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Dr. Tarif Bakdash is a doctor in exile, a Syrian who went to school with President Bashar al-Assad, who received much of his education in the U.S., then returned to Syria because he believed his former schoolmate would lift the country out of its corrupt past. Bakdash got to know Asma al-Assad, the Syrian first lady, and was appointed Secretary General for the Disabled. But he became disenchanted and left his homeland before the Arab Spring uprisings.

Now he can't go back. He emailed the first lady asking her to prevail on her husband to exercise mercy toward anti-govt protesters. He emailed President Obama urging him to oppose Syrian government's war on its own people. He wrote a memoir highly critical of Syria's president.

"If I return they will kill me," Bakdash says, "after they torture me for sure."

He is, in many ways, a child of the Middle East; his mother was maimed by a letter bomb when he was 7. Today he suffers watching his homeland suffer. He Skypes with a doctor running a mental health clinic inside Syria. He talks with patients 6,000 miles away, suffering from post-traumatic stress disorder. He diagnoses them under difficult conditions. And he agonizes that he is not doing more.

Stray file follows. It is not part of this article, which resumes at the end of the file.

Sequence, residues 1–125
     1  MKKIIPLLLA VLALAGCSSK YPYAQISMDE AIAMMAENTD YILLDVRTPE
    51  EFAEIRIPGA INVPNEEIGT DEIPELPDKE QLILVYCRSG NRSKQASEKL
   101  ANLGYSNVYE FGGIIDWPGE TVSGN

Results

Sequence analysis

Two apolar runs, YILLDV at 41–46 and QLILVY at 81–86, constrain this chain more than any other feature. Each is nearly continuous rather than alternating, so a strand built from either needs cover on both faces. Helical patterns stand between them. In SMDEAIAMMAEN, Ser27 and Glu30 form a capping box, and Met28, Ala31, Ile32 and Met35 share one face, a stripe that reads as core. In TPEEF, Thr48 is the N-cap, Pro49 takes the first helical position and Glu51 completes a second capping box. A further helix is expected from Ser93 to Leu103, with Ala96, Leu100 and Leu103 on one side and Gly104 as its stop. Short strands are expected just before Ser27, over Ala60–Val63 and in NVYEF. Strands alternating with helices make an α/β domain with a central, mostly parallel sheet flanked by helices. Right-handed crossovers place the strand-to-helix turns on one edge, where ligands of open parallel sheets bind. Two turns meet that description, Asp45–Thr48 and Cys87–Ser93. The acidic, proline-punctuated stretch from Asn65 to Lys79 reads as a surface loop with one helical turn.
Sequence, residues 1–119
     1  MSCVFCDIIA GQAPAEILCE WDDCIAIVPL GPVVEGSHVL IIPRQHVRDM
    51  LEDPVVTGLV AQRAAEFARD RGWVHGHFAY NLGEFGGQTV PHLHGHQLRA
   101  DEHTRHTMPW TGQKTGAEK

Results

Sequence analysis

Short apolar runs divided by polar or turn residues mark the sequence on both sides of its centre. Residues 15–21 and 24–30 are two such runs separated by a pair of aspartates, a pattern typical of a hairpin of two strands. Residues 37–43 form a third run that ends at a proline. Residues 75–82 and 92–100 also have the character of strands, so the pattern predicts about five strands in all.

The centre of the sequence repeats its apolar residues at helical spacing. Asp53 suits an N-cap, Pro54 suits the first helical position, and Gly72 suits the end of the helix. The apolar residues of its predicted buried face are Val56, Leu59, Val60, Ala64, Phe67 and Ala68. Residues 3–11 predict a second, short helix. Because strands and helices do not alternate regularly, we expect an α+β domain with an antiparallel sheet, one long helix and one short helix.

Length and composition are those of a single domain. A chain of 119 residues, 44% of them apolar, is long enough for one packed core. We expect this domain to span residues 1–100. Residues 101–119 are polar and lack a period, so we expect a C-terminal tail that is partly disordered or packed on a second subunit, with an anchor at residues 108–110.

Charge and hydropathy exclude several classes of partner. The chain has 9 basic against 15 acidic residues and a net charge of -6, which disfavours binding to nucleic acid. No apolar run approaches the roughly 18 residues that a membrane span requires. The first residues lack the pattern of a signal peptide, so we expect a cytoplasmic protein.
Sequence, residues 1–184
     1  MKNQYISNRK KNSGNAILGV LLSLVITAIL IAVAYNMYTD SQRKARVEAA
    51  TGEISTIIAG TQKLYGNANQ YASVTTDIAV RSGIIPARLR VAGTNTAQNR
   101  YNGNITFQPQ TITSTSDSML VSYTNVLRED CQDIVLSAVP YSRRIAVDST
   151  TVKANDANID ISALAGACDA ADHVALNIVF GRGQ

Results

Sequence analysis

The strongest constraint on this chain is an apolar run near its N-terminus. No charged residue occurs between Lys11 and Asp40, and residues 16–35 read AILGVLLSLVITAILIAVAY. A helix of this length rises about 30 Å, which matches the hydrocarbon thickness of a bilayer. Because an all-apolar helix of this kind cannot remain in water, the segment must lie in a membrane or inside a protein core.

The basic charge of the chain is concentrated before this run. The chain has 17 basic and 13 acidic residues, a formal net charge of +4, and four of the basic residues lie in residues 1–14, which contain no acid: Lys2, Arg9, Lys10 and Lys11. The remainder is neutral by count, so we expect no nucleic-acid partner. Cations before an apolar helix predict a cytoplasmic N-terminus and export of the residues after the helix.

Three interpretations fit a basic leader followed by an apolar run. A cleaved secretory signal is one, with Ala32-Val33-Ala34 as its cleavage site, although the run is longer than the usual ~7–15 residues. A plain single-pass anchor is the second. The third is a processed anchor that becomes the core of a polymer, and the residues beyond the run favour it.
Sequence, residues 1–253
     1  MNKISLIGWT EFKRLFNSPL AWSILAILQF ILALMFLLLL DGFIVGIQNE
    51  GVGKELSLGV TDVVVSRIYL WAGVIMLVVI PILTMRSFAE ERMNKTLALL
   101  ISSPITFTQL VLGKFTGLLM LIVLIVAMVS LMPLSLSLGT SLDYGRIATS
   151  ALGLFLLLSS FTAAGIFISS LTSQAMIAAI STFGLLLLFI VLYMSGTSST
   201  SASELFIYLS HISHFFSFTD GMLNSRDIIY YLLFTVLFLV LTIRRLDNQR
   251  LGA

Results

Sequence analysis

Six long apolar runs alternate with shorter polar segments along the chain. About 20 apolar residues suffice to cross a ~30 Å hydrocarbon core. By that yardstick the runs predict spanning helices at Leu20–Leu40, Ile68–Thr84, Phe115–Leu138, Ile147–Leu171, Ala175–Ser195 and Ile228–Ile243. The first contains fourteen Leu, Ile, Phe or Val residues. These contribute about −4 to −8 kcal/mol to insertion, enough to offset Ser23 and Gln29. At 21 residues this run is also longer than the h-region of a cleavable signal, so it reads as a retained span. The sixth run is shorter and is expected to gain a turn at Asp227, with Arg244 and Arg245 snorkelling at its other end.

That's why he is flying to Jordan, to help refugees at Jordan's enormous al Zaatari camp. He is a member of the Syrian American Medical Society (SAMS). Some of the group's doctors have slipped into Syria through Turkey as many as a dozen times at great personal risk to work in hospitals inside Syria.

The medical system in Syria has been devastated, with doctors killed and hospitals bombed into rubble. It is so bad that SAMS is operating some hospitals underground. It is so bad that second-year medical students in Syria are performing surgeries nine years before they have completed the necessary training. They lead these procedures using cell phones and Skype to consult doctors in America.

Through the journey of Dr. Bakdash, journalist Mark Johnson and photographer Mark Hoffman tell the story of an unfolding medical crisis and the men and women who are responding to it.

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